MSU vineyard IPM scouting report – July 17, 2019
Varying pest pressure through the state’s vineyards highlights the need for scouting.
This is the fourth integrated pest management (IPM) scouting report we are sending out for 2019 based on visits to multiple juice and wine grape vineyards. This report will be available every other Wednesday throughout the growing season. There are various insect and disease issues that are highlighted below, and these vary in intensity from site to site and from southern to northern Michigan. This highlights the need to scout your own vineyards. At this time of the season, careful scouting is time well spent to catch any issues that might otherwise develop through the rest of the summer and cause issues with the harvest.
In southwest Michigan, most grapes are moving into the berry touch growth stage. In this region, egglaying for the second generation of grape berry moth has begun as of last week, and young larvae have been found feeding on clusters. In northwest Michigan, wild grape bloom was later than in southwest Michigan and growing degree day (GDD) accumulation has been slower, so the need for controlling second generation grape berry moth will be delayed until late July.
In general, this timing aligns with bunch closure, so if there are disease control applications applied at this timing, this is also a good time for using an insecticide where there is grape berry moth pressure. See the table below for approximate wild bloom dates in your county. If you have been keeping an eye on wild grape bloom on your own farm, use the Michigan State University Enviroweather grape berry moth model to have a more precise prediction for control dates for either second generation or third generation grape berry moth. Third generation egglaying occurs 1,620 GDD (base 47 F) after bloom of wild grapes, and that target period is still some weeks away.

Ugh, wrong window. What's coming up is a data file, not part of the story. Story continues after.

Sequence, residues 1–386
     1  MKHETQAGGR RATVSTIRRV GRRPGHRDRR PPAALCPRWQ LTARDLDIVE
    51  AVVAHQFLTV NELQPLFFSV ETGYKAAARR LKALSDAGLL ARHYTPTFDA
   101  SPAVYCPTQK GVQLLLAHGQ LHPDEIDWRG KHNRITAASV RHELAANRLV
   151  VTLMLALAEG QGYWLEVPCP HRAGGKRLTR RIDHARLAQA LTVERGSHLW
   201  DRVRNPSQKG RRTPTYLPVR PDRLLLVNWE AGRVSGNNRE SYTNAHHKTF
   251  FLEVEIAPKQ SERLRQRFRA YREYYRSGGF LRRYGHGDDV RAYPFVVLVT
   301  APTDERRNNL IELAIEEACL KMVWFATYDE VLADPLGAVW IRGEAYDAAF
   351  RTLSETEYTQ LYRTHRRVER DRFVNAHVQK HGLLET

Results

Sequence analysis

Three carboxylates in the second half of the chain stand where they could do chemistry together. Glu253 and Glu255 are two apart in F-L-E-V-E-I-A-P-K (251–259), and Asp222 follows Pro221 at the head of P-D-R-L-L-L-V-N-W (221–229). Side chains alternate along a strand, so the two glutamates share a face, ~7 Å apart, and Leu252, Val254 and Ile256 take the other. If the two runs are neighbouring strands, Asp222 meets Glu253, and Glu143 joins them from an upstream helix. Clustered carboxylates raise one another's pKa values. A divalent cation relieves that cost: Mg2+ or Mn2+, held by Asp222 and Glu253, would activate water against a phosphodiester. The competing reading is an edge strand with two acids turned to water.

Wild grape bloom dates by Michigan county for 2019
Brown marmorated stink bug activity has begun with some eggs and early nymphs found in vineyard sites. Brown marmorated stink bug feeding can cause direct damage to clusters and injury may lead to soft and discolored fruit or an increase in berry drop. Although grapes are not a preferred host of brown marmorated stink bug, vineyards that are neighboring alternative host plants such as peach, apple, wheat, broadleaf maple, English holly, catalpa, tree of heaven and empress tree may experience greater risk of damage.
Japanese beetle adults and feeding damage on leaf shoots have recently been observed across the state and numbers will likely increase over the coming weeks.
Damage from thrips has also been observed throughout south western vineyards. As the berries develop, the thrips symptoms become visible and are characterized by brown, elongated corky scars, sometimes causing the berry to crack and the seeds to protrude out of the fruit (see photo above).
In the northwest, recent warm weather has induced rapid shoot growth and cluster development. Canopy management is the highest priority right now as vineyard crews are busy with trunk shoot training and thinning, cordon shoot tucking and thinning, and fruit zone leaf removal.
Minor grape cane girdler damage has been seen on both Leelanau and Old Mission Peninsulas with localized damage only to shoot tips. There is also increased leafhopper and rose chafer activity and more apparent tumid gallmaker damage in sites on Old Mission Peninsula.